The Australian Bureau of Agricultural and Resource Economics and Sciences (ABARES) Outlook 2020 conference, held in Canberra on 3-4 March, provided a wonderful opportunity to check-in as to how the agricultural sector can achieve the National Farmers’ Federation’s (NFF) goal of growing the sector to A$100 billion by 2030. M&A Senior Associate Mark Vanderneut attended the conference.
While the conference agenda was broad and varied, we’ve harvested four key takeaways.
Business-as-usual will not be enough to achieve the goal
Agriculture production has increased by 19% in the past 20 years in real terms (adjusted for inflation), from approximately $58 billion in 1999-2000, to around $69 billion in 2018-19. While that is certainly something to be celebrated, a number of speakers expressed the view that the sector cannot merely proceed in a business-as-usual way - reliance on historical trend rates will not be sufficient to achieve the goal. It was further recognised that the ability to achieve the goal will be impacted by a range of recent or ongoing factors, such as the slowing pace of growth globally, bushfires, drought and the novel coronavirus COVID-19.
Adapt or die
As one executive put it at the conference, if you don’t embrace change and move forward, your organisation will not survive. Many speakers spoke from personal experience in relation to two main options.
The first option is utilising technology to improve processes, such as adopting technology to automate. Examples in the horticulture industry include:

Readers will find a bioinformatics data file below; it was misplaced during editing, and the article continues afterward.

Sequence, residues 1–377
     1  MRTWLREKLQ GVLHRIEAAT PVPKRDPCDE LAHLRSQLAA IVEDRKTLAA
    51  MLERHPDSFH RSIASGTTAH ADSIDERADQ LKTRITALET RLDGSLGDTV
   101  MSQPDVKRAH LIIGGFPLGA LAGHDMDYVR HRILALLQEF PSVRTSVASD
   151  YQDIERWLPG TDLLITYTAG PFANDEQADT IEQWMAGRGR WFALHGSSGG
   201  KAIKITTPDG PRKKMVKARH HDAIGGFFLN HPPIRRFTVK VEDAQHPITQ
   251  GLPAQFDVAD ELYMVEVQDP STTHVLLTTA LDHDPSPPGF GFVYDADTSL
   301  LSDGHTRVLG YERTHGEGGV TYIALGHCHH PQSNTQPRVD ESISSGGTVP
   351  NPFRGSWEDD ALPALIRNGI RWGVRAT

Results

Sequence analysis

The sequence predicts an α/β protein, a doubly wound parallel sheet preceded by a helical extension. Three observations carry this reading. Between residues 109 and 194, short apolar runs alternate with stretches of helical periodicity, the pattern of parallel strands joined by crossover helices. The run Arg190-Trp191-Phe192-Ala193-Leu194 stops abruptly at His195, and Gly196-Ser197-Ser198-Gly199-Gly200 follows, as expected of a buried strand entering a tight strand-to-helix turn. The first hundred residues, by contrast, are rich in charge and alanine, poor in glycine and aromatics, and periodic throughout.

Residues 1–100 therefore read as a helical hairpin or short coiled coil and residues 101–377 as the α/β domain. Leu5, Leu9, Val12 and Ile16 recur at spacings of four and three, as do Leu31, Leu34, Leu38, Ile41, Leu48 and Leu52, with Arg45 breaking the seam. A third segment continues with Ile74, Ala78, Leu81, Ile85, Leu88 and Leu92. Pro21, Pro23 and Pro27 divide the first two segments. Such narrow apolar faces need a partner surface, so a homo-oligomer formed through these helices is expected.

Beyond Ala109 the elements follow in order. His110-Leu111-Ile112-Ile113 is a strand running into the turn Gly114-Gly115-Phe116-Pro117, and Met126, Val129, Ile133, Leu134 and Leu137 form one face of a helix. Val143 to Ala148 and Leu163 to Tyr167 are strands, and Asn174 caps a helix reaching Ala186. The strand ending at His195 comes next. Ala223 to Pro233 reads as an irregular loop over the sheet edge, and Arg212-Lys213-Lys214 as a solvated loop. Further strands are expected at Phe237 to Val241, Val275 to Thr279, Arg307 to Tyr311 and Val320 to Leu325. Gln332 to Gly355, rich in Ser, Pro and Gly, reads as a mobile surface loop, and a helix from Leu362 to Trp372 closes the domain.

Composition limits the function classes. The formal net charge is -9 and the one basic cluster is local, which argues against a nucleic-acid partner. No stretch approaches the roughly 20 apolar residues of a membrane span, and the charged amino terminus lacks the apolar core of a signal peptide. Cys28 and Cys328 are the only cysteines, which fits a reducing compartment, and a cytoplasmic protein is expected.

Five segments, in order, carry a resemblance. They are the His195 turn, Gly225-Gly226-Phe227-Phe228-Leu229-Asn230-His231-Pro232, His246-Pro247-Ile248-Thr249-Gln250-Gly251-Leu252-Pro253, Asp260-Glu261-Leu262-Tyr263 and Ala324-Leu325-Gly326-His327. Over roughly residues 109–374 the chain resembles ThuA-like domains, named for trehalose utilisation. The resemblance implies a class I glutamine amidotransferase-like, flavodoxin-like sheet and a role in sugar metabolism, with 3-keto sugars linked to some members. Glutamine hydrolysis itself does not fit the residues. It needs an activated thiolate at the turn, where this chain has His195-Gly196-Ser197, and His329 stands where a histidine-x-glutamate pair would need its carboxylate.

- automating on-farm processes such as irrigation and fertiliser application; and
- automating packing operations, including the adoption of a ‘lights off’ packhouse where produce moves through optical sorting and grading, while robotics pack, stack, and palletise.
The second option is for producers to develop their own brands to enable them to move away from being considered a commodity that is more exposed to being dictated a price by retailers. An additional benefit of this approach is that you can create customer loyalty. As one executive explained, you cannot build a personal experience with your products if you are anonymous.
The role of the sector in a changing climate
Consumers recognise that what they eat impacts the environment. Therefore, those operating in the sector need to reflect that consumers will ask what is being done to mitigate adverse environmental impacts. Fortunately participants in the sector are taking on this challenge with vigour. For example, Meat & Livestock Australia has launched a bold aspirational target for the Australian red meat industry to achieve net zero greenhouse gas emissions by 2030.
Impact on foreign trade
At last year’s ABARES Outlook conference it was emphasised that trade is no longer just bilateral, but involves a ‘network’ of global value chains. It was therefore not surprising to see further discussion this year as to the effectiveness of existing free trade agreements (FTAs). While the benefits of those FTAs were acknowledged, many speakers commented that:
- we are potentially moving to a “new normal” where popular protectionism measures (such as tariffs) are re-introduced; and
- the World Trade Organization’s functions (administering multilateral trade rules, serving as a forum for trade negotiations and providing a mechanism to settle trade disputes) are under pressure and in need of reform.